You MUST NOT enter a road, lane or other route reserved for trams. Take extra care where trams run along the road. You should avoid driving directly on top of the rails and should take care where trams leave the main carriageway to enter the reserved route, to ensure you do not follow them. The width taken up by trams is often shown by tram lanes marked by white lines, yellow dots or by a different type of road surface. Diamond-shaped signs and white light signals give instructions to tram drivers only.

Law RTRA sects 5 & 8

301

Take extra care where the track crosses from one side of the road to the other and where the road narrows and the tracks come close to the kerb. Tram drivers usually have their own traffic signals and may be permitted to move when you are not. Always give way to trams. Do not try to race or overtake them or pass them on the inside, unless they are at tram stops or stopped by tram signals and there is a designated tram lane for you to pass.

302

You MUST NOT park your vehicle where it would get in the way of trams or where it would force other drivers to do so. Do not stop on any part of a tram track, except in a designated bay where this has been provided alongside and clear of the track. When doing so, ensure that all parts of your vehicle are outside the delineated tram path. Remember that a tram cannot steer round an obstruction.

Law RTRA sects 5 & 8

303

Tram stops. Where the tram stops at a platform, either in the middle or at the side of the road, you MUST follow the route shown by the road signs and markings. At stops without platforms you MUST NOT drive between a tram and the left-hand kerb when a tram has stopped to pick up passengers. If there is no alternative route signed, do not overtake the tram - wait until it moves off.

Law RTRA sects 5 & 8

304

Look out for pedestrians, especially children, running to catch a tram approaching a stop.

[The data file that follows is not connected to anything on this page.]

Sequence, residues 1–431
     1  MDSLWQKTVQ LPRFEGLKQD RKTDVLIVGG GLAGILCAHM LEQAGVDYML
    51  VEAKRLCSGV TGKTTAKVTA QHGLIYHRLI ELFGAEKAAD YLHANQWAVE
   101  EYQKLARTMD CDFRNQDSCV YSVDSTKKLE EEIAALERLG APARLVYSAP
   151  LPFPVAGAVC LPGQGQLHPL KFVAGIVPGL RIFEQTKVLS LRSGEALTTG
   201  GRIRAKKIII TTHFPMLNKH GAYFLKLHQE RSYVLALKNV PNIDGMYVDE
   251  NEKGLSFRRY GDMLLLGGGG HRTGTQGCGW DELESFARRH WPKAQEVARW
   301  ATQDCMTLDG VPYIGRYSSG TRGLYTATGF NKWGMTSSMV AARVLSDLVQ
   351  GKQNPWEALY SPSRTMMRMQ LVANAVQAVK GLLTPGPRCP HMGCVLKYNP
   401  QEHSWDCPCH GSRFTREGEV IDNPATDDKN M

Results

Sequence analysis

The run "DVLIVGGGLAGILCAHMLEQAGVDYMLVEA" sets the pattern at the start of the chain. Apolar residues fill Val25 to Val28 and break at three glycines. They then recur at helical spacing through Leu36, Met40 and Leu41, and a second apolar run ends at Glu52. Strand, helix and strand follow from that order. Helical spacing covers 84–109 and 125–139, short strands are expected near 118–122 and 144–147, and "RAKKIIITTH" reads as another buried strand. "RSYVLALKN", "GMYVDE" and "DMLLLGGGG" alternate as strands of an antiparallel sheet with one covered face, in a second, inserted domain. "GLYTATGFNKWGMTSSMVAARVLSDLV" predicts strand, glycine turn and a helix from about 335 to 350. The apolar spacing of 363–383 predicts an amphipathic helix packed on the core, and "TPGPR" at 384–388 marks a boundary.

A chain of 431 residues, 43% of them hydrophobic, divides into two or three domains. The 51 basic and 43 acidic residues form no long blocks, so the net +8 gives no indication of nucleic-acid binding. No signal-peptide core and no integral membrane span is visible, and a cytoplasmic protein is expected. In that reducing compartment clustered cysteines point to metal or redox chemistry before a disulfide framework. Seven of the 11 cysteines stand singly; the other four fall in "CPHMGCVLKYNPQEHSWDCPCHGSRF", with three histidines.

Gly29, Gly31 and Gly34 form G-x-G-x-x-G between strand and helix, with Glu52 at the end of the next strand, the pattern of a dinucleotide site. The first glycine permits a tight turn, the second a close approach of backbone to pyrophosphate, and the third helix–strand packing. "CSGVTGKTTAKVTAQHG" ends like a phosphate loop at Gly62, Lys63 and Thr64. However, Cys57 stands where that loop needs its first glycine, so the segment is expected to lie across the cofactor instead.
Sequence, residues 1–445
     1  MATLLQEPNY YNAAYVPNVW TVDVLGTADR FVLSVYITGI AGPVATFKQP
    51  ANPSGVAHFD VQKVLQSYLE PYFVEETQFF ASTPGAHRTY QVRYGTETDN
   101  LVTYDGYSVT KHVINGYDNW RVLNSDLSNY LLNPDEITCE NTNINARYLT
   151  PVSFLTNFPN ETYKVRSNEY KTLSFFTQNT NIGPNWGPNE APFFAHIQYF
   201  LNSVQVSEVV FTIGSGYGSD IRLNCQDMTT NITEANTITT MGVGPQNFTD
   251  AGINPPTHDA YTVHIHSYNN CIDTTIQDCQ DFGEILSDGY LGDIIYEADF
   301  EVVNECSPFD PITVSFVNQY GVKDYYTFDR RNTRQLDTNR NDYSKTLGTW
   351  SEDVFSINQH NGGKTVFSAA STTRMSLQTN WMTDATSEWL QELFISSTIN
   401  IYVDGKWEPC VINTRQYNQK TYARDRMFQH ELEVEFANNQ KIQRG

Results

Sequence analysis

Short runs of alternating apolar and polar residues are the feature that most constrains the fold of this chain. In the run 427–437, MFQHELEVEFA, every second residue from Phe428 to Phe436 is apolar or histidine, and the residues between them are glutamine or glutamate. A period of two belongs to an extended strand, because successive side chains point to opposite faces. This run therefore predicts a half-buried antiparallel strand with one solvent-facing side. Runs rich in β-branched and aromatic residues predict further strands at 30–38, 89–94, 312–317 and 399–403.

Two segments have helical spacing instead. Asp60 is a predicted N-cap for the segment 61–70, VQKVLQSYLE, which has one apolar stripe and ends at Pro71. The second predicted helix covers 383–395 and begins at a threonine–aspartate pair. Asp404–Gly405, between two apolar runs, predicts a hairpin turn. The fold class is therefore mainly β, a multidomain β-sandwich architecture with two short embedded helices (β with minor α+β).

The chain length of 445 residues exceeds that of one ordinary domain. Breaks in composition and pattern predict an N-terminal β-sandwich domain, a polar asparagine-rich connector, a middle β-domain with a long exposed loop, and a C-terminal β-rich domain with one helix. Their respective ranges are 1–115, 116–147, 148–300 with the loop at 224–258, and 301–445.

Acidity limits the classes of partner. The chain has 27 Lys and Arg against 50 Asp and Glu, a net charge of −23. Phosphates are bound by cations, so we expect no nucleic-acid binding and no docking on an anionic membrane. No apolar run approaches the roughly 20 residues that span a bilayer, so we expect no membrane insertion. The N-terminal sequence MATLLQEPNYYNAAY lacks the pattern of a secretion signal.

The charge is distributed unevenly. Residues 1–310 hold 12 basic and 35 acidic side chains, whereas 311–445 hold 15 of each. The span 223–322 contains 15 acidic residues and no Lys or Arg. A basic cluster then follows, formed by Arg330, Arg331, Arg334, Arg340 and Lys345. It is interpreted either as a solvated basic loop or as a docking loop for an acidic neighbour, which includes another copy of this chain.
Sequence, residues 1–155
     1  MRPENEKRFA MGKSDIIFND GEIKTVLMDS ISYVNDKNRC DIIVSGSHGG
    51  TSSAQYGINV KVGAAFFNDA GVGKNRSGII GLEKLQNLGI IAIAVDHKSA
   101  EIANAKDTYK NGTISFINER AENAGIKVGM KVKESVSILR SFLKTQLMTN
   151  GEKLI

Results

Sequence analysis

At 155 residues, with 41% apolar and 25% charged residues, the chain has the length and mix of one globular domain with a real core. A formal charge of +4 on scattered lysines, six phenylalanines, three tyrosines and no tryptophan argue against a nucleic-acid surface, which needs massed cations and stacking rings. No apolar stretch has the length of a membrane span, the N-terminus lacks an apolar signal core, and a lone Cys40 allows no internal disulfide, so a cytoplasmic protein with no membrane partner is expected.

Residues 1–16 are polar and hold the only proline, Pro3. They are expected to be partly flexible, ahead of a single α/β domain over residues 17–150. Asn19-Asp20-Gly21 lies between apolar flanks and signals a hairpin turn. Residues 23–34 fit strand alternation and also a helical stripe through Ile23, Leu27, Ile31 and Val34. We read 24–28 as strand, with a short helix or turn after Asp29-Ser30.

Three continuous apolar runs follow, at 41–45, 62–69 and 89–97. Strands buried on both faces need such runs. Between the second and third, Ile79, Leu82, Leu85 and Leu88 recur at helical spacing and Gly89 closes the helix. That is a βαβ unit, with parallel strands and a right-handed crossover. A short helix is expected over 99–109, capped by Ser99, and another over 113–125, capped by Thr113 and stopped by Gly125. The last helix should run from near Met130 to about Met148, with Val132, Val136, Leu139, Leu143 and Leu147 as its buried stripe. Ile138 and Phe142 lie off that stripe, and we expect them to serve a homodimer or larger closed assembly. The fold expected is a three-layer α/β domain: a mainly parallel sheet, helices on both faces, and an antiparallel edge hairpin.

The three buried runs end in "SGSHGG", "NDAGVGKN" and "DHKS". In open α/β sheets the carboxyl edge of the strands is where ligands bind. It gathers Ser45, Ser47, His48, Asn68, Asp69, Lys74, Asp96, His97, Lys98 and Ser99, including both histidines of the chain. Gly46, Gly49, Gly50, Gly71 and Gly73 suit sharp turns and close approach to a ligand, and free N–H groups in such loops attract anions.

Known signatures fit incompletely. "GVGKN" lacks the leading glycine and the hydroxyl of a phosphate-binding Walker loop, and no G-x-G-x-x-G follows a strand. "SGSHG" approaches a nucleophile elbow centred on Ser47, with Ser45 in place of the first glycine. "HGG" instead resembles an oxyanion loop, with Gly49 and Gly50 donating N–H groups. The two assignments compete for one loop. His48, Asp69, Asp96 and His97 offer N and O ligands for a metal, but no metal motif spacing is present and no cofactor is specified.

305

Always give priority to trams, especially when they signal to pull away from stops, unless it would be unsafe to do so. Remember that they may be carrying large numbers of standing passengers who could be injured if the tram had to make an emergency stop. Look out for people getting off a bus or tram and crossing the road.

306

All road users, but particularly cyclists and motorcyclists, should take extra care when driving or riding close to or crossing the tracks, especially if the rails are wet. You should take particular care when crossing the rails at shallow angles, on bends and at junctions. It is safest to cross the tracks directly at right angles. Other road users should be aware that cyclists and motorcyclists may need more space to cross the tracks safely.

307

Overhead electric lines. Tramway overhead wires are normally 5.8 metres above any carriageway, but can be lower. You should ensure that you have sufficient clearance between the wire and your vehicle (including any load you are carrying) before driving under an overhead wire. Drivers of vehicles with extending cranes, booms, tipping apparatus or other types of variable height equipment should ensure that the equipment is fully lowered. Where overhead wires are set lower than 5.8 metres, these will be indicated by height clearance markings - similar to ‘low bridge’ signs. The height clearances on these plates should be carefully noted and observed. If you are in any doubt as to whether your vehicle will pass safely under the wires, you should always contact the local police or the tramway operator. Never take a chance as this can be extremely hazardous.